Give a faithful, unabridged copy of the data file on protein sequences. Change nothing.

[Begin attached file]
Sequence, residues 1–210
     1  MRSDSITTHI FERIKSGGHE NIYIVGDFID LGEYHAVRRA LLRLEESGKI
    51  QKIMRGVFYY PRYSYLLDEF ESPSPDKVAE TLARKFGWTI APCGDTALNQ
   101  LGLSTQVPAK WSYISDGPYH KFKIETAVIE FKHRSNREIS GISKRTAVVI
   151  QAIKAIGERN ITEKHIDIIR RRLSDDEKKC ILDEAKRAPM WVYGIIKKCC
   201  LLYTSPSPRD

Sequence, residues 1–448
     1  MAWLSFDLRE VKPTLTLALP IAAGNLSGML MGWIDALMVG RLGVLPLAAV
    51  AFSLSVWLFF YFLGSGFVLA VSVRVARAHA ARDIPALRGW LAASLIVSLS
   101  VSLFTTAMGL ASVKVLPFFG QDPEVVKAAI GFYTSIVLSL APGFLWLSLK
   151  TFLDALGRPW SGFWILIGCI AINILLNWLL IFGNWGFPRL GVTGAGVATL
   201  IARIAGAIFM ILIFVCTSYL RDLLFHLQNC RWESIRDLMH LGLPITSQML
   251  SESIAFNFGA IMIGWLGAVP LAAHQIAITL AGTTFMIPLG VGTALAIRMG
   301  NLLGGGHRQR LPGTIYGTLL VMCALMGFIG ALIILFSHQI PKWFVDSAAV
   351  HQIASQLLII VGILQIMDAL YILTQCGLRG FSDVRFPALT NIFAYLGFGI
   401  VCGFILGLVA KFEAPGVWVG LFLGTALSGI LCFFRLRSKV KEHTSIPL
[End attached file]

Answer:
Sequence, residues 1–210
     1  MRSDSITTHI FERIKSGGHE NIYIVGDFID LGEYHAVRRA LLRLEESGKI
    51  QKIMRGVFYY PRYSYLLDEF ESPSPDKVAE TLARKFGWTI APCGDTALNQ
   101  LGLSTQVPAK WSYISDGPYH KFKIETAVIE FKHRSNREIS GISKRTAVVI
   151  QAIKAIGERN ITEKHIDIIR RRLSDDEKKC ILDEAKRAPM WVYGIIKKCC
   201  LLYTSPSPRD

Sequence, residues 1–448
     1  MAWLSFDLRE VKPTLTLALP IAAGNLSGML MGWIDALMVG RLGVLPLAAV
    51  AFSLSVWLFF YFLGSGFVLA VSVRVARAHA ARDIPALRGW LAASLIVSLS
   101  VSLFTTAMGL ASVKVLPFFG QDPEVVKAAI GFYTSIVLSL APGFLWLSLK
   151  TFLDALGRPW SGFWILIGCI AINILLNWLL IFGNWGFPRL GVTGAGVATL
   201  IARIAGAIFM ILIFVCTSYL RDLLFHLQNC RWESIRDLMH LGLPITSQML
   251  SESIAFNFGA IMIGWLGAVP LAAHQIAITL AGTTFMIPLG VGTALAIRMG
   301  NLLGGGHRQR LPGTIYGTLL VMCALMGFIG ALIILFSHQI PKWFVDSAAV
   351  HQIASQLLII VGILQIMDAL YILTQCGLRG FSDVRFPALT NIFAYLGFGI
   401  VCGFILGLVA KFEAPGVWVG LFLGTALSGI LCFFRLRSKV KEHTSIPL